Key Takeaways

  • Malaysia’s Anti-Fake News Act is in effect and being enforced
  • The Act applies to the publication of information in any form which is wholly or partly false
  • Media companies, whether “traditional” or online media, should review policies and processes to avoid inadvertently falling foul of the requirements.


The term “fake news”, used to describe fabricated news or misinformation in the media, has attracted much attention recently – not only as used by President Trump to refer to certain media outlets but also by policy-makers around the world, who are weighing up whether and how to regulate it. One of the first countries in the world to introduce specific legislation is Malaysia, which introduced its Anti-Fake News Act on 11 April 2018. In this post, we look at what the Act requires and what it means for media companies.

What is the Anti-Fake News Act?

Malaysia enacted the Anti-Fake News Act 2018 on 11 April 2018. The Act has implications for anyone who publishes or distributes, or facilitates the publication or distribution of, news or any kind of public information. In particular, media companies – both traditional media outlets such as print, TV and radio, as well as online media and social media platforms – should be aware of the Act and its implications for the company’s practices. Failure to comply may attract hefty penalties for the company and its directors.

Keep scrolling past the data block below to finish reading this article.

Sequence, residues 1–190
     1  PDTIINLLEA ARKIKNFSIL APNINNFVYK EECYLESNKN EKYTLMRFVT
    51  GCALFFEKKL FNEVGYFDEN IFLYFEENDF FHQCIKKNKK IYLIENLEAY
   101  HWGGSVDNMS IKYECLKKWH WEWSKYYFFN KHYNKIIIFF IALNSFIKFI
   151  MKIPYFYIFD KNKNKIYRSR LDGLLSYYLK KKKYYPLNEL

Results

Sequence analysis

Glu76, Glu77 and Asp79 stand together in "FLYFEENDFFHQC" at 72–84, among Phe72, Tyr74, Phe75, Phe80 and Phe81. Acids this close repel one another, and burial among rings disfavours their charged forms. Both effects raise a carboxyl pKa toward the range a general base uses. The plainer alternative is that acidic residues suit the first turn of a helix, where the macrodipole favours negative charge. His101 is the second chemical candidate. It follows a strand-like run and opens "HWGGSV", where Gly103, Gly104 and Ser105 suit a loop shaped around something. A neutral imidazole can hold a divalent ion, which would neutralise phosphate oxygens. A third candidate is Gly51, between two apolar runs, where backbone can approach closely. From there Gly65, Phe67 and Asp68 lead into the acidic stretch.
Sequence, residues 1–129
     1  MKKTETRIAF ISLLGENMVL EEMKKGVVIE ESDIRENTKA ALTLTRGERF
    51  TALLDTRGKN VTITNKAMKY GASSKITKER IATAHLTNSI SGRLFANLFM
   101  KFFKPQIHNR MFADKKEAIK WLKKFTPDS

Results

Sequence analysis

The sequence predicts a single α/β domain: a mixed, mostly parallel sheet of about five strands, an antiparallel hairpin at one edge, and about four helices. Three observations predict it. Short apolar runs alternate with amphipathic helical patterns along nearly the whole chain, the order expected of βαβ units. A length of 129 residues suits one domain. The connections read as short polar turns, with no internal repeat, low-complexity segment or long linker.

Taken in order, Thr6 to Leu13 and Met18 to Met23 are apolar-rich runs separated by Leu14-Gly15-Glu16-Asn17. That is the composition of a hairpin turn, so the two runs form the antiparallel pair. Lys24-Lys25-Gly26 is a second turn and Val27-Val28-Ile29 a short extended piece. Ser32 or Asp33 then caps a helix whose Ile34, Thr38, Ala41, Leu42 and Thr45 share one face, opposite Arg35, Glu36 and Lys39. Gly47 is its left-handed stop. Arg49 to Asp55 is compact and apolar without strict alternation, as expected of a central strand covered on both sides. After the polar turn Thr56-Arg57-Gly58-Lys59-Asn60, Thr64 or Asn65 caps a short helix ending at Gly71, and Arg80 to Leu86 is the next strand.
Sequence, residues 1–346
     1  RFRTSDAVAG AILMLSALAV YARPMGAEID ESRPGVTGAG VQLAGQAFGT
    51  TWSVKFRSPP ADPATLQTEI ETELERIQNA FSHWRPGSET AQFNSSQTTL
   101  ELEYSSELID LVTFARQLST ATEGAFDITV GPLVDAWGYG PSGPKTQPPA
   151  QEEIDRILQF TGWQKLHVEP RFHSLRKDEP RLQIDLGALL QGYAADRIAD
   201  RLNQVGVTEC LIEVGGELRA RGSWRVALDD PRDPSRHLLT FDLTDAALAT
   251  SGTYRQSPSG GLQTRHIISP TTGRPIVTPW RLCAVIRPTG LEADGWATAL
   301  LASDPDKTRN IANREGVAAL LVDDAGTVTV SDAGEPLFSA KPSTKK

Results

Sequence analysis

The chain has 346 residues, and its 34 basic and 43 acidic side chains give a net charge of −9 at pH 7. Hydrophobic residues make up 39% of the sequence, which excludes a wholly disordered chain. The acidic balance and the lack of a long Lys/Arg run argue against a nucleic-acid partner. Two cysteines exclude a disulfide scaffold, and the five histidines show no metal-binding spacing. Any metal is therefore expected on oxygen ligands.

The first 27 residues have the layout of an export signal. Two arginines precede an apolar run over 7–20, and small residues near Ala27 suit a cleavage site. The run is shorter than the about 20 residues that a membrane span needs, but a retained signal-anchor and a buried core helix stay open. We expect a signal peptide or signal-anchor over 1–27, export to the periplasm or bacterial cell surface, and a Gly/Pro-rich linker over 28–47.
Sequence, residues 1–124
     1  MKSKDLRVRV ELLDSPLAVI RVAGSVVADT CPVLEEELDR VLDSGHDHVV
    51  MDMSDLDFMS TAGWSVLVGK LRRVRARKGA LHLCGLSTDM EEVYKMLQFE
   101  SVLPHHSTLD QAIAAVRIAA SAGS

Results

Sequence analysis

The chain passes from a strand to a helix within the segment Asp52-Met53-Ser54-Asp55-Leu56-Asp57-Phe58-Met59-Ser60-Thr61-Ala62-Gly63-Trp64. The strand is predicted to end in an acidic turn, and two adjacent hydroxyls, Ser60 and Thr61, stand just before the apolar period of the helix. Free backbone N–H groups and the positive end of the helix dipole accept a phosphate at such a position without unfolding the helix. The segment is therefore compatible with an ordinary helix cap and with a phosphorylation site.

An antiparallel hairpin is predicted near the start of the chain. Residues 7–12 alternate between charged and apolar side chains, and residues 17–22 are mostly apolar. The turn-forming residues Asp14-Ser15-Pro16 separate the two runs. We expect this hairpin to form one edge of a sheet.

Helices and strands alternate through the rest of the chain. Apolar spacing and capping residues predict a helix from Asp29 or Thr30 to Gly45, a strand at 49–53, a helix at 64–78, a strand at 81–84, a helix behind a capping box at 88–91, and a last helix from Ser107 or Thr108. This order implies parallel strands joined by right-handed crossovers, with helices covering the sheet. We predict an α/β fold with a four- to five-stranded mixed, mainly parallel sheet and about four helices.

How is “Fake News” defined?

Under the Act, it is an offence to maliciously create, publish, distribute or otherwise disseminate “fake news”. This term is broadly defined to include any news or information in any form, which is wholly or partly false. The Act provides a non-exhaustive list of examples of offences under the Act, including:

  • Publishing a statement on your social media account that a food product contains harmful ingredients and is being sold to the public, knowing that the food product has been discontinued and is no longer sold to the public
  • Publishing an advertisement containing a caricature depicting someone as a successful investor in an investment scheme, knowing that person is not involved in the scheme
  • Giving a speech at a public forum saying that someone has misappropriated moneys collected for charitable purposes, knowing that this is not true